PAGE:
In fact, the term “Asian values” as they are in Singapore remains so vague, because it is implicitly expected that we know what they entail. But do we? The ruling class can have another set of “Asian Values” – e.g., maybe the Men in White ARE the Sons of God, or maybe a particular Man in White, the scholar system (i.e., elitist thinking), the larger focus on belief in authority, society before self, etc. But for the ruled, “Asian Values” may mean virtue, being ruled fairly, and that a ruler should care for his subjects, family, etc. BUT these are never said clearly. ”Asian Values” must remain vague, because as a blanket-term, you can apply it anywhere and everywhere, and you can separate yourself from the horrible West. So yah, first, what are “Asian Values?”
And these were also the nations [European powers] that, at the height of their imperialism, imposed, by sheer brute force, the ‘right’ of extra-territoriality upon the countries they had subjected. And now, they are crusading for Freedom and Human Rights in their former colonies as well as the other countries of Asia.
Now the author accuses the West of cultural imperialism. Of course the West can afford to be cultural imperialists (especially Uncle Sam, well under Bush anyway), since they have the might and the money. But in ‘crusading’ (jeez! what a word! this isn’t the Middle Ages, you prick, and if you had any sense of political language, you would have avoided it. The very concept of Jihad by Muslim fundamentalists go back to the Crusades, you fool!) for “Asian Values” overseas – what, Singapore is trying to strike back? With what force?
In fact, Western values are so important for Singapore that you can’t do without them. If we don’t want Western values, then we should chase foreigners out, especially the educated Westerners in our universities, and we should, of course, send our scholars not to Europe anymore! I mean, they ARE going to rule, you know?? So what is being said is that for our author, he is grossly short-sighted: this smacks of a way to stay in power, by using a vague term to make one system sound better than the other. Without any agreed definitions, this is just RHETORICS.
The Anglophile may be despised, but maybe our author should be too, since he is doing nothing much more than building castles in the air, i.e. calling others to take up arms against the Western cultural crusade (seriously, were you with the Taliban?) based on a term which is so general that it is empty, and using the rhetoric of certain senior citizens who deem fit to travel the world and impose their own brand of imperialism under the motto of “leave us alone, you have no idea what it is like to rule an Asian country,” yadda, yadda. Yes, what were you thinking?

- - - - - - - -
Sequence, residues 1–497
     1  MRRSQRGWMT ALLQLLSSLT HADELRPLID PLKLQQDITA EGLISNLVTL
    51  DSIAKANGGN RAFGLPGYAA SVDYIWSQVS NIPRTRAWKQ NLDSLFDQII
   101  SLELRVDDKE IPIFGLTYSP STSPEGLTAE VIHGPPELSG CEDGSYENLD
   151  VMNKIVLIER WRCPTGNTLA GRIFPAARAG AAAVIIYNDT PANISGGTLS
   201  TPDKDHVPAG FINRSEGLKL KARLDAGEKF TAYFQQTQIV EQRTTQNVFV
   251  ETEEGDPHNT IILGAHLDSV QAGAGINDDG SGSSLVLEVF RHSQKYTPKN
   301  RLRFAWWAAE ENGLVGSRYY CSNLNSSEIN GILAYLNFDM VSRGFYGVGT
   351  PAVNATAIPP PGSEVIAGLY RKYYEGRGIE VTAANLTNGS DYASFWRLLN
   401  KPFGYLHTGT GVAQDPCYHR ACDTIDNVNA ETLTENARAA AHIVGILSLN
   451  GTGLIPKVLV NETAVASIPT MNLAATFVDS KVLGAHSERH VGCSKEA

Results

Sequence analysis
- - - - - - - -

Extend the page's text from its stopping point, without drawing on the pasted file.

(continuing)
Thursday, October 15, 2009
Another online commenter: "The PAPpies keep claiming that Westerners are attempting to impose their ideas of liberal democracy (and now human rights) on Singaporeans, yet PAP is the one that denies us of our right to determine for ourselves. It is the PAP that is imposing its values on us, insisting the party knows what's best for everyone."
From the Young PAP website:
To The Devotees of Western Democracy and Human Rights.
Written by Ho Cheow Seng
Tuesday, 22 September 2009
It is one thing for one to have read about Singapore's Early History as a nascent, sovereign Nation and quite another thing to have lived through that period and to play a crucial role in Singapore's struggle to stand on its own two feet and fend for itself.
We, as Citizens of Singapore, are the best to judge which system of governance suits our Nation best in terms of advancing the well-being of our people. And no, we should not be so arrogant as not to want to look closely at other successful systems of governance with a view to adapting aspects of those systems to our benefit.
The observation has been made that it is those countries in the West, who were former colonisers of countries in Asia, and who robbed lands belonging to others, suppressing the native inhabitants of the lands they conquered, and stealing their valuable resources to fuel their own industrialization now condescendingly want to teach us how to govern ourselves following their model wholesale.
These were also the countries that once lorded over the great ancient civilization of India, and who also derided China [another great ancient civilization] as the 'sick man of Asia’. And these were also the nations that, at the height of their imperialism, imposed, by sheer brute force, the 'right' of extra-territoriality upon the countries they had subjected. And now, they are crusading for Freedom and Human Rights in their former colonies as well as the other countries of Asia.
Have you ever wondered why no Asian countries have ever tried to preach to countries in the West about our Asian values and way of life? Do remember that it was the great Asian and Middle-Eastern nations that gave the world the first great inventions in the various fields of human activities. As the current Chinese Premier Wen Jie-bao once said in his address to the Chinese People's Congress: "Why should the U.S. and the West be afraid of China's economic re-surgence?" He went on to say that history has shown that China had never harboured any imperialistic ambition and had not occupied an inch of anyone's territory.